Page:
In terms of the feasibility of telehealth in aging care, we used users’ adherence and attrition as proxy measures and found mixed results, varying by different telehealth modalities and subpopulation types. Indeed, suboptimal adherence and substantial attrition are common in digital health intervention studies among the older population [109,110], and some contributing factors include personal choices, technical difficulties, physical and cognitive impairments, and concerns regarding the security of digital health interventions [110]. Low engagement continues to plague the internet-based studies [111], results in a study cohort not being representative of the demographics and disease status of the originally recruited study population [109], thereby threatening the validity of the findings [112]. Meanwhile, other factors such as referral by a clinician to the study, compensation for participation, having a clinical condition of interest in the study, and an older age [109] have been revealed to be associated with increased participation retention. Future research could further explore how older users’ adherence and retention rates could be improved to advance the current telehealth practices and how this could impact the effectiveness, costs, and acceptability of telehealth interventions.

Similar to the systematic review of reviews by Ekeland et al [14], several reviews in our study also reported promising benefits of telehealth in terms of cost, and we also observed some discrepancies in implementation cost savings and cost-effectiveness in different studies owing to heterogeneity in comparator care delivery modes [65], the complexity of health conditions [73], geographic locations [73], and cost models used [77,81]. A common obstacle in most published economic evaluations of digital health interventions is reliance on standard methodological recommendations for assessing health care technologies, but such methodological assumptions may not fully reflect the nature of digital health interventions, especially complex ones [113]. Moreover, the cost benefits of digital health interventions may vary over time as well as the degree to which users use them, making their impact more likely to be heterogeneous [113-115]. Further research could overcome these challenges by streamlining the methodologies. For example, as recommended by Gomes et al [113], researchers should carefully choose comparators, determine the scope of cost and effects to be considered, and identify the effects of the interventions with appropriate measurements as well as the cost of other resources before the economic analysis.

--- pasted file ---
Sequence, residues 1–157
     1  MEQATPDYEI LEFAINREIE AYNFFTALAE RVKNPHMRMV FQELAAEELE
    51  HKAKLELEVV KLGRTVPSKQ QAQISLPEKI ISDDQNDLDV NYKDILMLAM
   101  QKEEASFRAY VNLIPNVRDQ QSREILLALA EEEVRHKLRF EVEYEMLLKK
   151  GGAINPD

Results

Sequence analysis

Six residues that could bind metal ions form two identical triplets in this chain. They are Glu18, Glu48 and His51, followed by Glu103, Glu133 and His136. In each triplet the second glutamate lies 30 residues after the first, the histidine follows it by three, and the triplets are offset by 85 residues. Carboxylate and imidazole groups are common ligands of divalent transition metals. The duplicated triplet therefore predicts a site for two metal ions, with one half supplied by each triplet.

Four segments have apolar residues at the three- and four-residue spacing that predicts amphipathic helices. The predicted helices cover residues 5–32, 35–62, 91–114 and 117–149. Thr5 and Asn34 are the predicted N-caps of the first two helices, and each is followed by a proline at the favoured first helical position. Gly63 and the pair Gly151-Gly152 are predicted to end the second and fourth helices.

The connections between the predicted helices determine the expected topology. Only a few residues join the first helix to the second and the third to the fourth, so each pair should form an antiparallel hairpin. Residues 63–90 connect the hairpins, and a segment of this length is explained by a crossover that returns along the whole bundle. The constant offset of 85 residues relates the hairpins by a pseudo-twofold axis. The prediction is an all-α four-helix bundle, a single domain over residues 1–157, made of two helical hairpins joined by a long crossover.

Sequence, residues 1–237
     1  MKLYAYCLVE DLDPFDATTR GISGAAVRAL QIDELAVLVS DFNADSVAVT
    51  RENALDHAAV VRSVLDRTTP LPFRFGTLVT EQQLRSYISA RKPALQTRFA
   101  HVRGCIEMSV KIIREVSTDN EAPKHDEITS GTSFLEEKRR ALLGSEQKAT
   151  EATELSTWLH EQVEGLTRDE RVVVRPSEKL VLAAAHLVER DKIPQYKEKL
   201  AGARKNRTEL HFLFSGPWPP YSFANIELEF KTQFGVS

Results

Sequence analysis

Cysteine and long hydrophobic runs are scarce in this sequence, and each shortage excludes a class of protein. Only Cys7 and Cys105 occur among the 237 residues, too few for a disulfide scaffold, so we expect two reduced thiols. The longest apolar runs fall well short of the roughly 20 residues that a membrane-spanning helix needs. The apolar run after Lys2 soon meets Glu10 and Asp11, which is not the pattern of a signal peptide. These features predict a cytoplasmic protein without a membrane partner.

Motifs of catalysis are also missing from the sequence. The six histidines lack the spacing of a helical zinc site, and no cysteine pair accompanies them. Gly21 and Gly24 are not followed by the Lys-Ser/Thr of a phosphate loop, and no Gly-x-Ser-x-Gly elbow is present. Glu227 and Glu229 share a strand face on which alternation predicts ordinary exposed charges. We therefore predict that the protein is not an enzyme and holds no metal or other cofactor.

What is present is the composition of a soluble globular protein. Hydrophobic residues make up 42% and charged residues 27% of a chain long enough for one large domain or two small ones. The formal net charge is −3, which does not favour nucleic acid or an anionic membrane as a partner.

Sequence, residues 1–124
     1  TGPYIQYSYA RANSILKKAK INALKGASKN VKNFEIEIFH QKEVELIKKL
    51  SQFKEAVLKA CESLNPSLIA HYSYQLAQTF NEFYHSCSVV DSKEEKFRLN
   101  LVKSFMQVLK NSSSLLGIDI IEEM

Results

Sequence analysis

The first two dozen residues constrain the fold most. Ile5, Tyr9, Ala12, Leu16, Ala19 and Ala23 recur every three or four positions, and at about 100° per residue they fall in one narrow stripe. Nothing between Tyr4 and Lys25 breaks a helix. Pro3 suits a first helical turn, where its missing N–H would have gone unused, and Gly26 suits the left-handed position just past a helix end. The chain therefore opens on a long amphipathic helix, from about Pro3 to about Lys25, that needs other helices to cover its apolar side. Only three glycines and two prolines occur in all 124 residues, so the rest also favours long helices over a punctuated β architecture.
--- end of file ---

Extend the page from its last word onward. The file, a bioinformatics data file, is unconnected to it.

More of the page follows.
In contrast to other studies indicating that older adults have not been fully ready for telehealth [116,117], all our included reviews that assessed the participants’ experiences with and attitudes toward telehealth interventions have demonstrated good acceptance of telehealth among the older population. This difference might be explained by the use of different telehealth modalities in different studies as well as the prescreening process in some studies that excluded older adults who may have difficulty using telehealth. We identified a similar set of factors affecting older adults’ telehealth use as other reviews [118,119], and further categorizing these factors into individual, interpersonal, technological, system, and policy levels could assist in understanding the needs of the older population in this process and identify the potential collaborative efforts that individuals, health care providers, developers of telehealth applications, government and community organizations, and policy makers can make to prepare the older population for digital inclusion. To help older individuals cope with the cultural and psychological challenges associated with digital health technologies, training programs could be offered to both the older population and health care providers to improve their digital literacy as well as skills in interpersonal communication and rapport building. Although there is no “one-size-fits-all” solution, developers of telehealth applications could engage older people, especially those with special needs (eg, those with physical immobility, sensory change, negative affect, cognitive impairment, low digital literacy, or communication barriers), in the user-centered design, testing, and evaluation of telehealth technologies and keep their needs in mind. Health systems should be responsible for ensuring a smooth and continuous clinical workflow with telehealth, along with providing the latest guidelines and health information to health care providers and older patients. Policy makers could enhance clinical guidelines and policies to regulate the design and implementation of telehealth, address privacy concerns, bridge the digital divide, and improve the current payment models so that telehealth could be offered to users with better security, accessibility, and affordability.